ACTION BASED LEARNING
Brain Science Strongly Supports the Link of Movement to Learning
ABL provides students an opportunity to further develop skills of coordination and motor planning which also lends to improved academics. Each student in grades 1-3 will have ABL each Friday, in addition to two physical education classes during the week. Activities may be from one of these programs:
- Bal-A-Vis-X - Bal-A-Vis-X is a series of Balance/Auditory/Vision eXercises, of varied complexity, all of which are deeply rooted in rhythm. Exercises are done with sand-filled bags and racquetballs, sometimes while standing on a balance board. You can learn more about this program at http://www.bal-a-vis-x.com.
- S’cool Moves - S'cool Moves focuses on the behavior-learning connection. Deep pressure, heavy work, core postural strengthening, transition activities, theory, and linear presentation are behind the activities. You can learn more about S’cool Moves at http://www.schoolmoves.com.
- Action Based Learning (ABL) The concepts in the Action Based Learning™ Lab are based on the brain research that supports the link of movement and physical activity to increased academic performance. The Action Based Learning™ Lab targets the young developing brain ages 4-7 years. However, the Action Based Learning™ Lab benefits all students for remediation and enrichment. You can learn more about this program at http://abllab.com.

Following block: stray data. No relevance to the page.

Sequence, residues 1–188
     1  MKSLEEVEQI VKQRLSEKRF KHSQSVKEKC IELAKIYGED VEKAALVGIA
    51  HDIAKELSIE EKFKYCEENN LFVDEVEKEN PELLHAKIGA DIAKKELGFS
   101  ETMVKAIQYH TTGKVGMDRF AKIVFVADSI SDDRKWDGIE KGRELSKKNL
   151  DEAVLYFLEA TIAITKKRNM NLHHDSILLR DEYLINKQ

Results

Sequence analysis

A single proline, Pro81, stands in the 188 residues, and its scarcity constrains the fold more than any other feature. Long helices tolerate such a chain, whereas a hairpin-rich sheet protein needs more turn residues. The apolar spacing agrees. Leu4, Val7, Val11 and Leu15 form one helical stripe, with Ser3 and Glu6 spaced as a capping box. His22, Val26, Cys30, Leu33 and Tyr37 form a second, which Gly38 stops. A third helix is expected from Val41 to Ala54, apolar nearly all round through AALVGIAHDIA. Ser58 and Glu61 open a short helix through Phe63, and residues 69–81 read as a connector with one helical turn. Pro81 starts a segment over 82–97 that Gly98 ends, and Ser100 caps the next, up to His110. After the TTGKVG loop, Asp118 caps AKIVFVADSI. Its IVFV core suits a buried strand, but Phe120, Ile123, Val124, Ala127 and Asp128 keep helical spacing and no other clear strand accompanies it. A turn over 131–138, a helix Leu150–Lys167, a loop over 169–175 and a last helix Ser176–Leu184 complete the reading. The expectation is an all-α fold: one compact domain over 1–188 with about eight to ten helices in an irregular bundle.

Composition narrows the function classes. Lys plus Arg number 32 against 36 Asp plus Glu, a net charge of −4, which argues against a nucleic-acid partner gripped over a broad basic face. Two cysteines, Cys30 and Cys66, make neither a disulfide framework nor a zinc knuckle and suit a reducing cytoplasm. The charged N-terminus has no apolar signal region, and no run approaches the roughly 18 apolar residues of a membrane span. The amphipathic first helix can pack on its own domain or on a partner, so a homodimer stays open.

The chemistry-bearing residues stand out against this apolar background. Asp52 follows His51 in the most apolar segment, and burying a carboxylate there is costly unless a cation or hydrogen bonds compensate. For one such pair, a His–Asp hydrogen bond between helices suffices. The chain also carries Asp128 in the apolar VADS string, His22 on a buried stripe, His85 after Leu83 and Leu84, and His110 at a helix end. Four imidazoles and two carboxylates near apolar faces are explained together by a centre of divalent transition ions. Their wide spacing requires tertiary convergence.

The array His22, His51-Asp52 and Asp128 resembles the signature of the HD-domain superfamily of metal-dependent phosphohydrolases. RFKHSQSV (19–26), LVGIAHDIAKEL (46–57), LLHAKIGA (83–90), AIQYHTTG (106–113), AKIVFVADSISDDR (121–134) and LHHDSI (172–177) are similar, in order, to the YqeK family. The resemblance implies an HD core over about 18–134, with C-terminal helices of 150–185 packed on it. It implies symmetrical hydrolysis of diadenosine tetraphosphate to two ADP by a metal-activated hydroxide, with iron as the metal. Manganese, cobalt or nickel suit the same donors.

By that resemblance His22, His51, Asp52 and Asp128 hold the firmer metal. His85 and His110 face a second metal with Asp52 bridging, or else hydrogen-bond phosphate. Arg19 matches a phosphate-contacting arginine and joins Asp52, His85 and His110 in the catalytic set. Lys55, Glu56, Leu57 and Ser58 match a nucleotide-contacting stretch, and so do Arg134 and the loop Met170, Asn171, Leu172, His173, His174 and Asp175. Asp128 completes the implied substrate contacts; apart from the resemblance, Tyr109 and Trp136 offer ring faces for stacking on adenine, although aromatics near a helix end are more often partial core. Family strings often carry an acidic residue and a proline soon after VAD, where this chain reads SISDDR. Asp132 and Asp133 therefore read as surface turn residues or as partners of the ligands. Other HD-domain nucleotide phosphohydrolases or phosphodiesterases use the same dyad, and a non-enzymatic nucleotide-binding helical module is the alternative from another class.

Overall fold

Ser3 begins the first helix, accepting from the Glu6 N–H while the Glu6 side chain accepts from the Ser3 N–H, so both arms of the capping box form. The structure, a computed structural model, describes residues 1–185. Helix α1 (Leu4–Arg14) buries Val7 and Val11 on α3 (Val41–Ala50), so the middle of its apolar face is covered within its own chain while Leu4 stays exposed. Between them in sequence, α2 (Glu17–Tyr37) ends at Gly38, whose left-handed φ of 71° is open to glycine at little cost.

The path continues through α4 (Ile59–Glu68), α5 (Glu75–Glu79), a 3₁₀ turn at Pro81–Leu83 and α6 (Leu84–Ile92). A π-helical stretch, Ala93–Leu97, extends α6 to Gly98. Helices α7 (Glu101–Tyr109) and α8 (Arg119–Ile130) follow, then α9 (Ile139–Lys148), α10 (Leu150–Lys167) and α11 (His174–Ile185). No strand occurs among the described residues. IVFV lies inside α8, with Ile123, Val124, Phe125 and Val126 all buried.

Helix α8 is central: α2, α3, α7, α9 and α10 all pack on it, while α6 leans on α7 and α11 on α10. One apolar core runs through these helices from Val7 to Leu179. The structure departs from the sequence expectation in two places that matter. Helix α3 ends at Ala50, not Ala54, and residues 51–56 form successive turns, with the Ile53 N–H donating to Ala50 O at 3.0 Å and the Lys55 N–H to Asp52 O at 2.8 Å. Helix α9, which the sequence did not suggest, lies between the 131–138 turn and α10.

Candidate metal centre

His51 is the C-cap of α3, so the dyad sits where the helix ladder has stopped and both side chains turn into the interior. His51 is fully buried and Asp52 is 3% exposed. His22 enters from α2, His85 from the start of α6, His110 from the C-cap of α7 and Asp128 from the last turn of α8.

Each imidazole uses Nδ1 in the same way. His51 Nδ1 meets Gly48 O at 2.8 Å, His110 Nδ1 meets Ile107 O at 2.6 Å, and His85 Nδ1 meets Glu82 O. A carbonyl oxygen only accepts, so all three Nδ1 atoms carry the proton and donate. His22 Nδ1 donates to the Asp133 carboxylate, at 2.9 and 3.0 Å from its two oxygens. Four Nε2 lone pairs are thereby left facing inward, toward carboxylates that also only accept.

Brain science strongly supports the link of movement to learning. The brain and body’s movement and learning systems are interdependent and interactive. For example, motor development provides the framework that the brain uses to sequence the patterns needed for academic concepts. The body’s vestibular system controls balance and spatial awareness and facilitates the student’s ability to place words and letters on a page. When a student walks or crawls on the ABC Pathways mat in specific patterns, the brain’s ability to encode symbols is increased. The four visuals fields needed for eye tracking is strengthened. Proper development and remediation of these systems are critical to a child’s ability to learn.
We continue to learn new ways to help our students learn!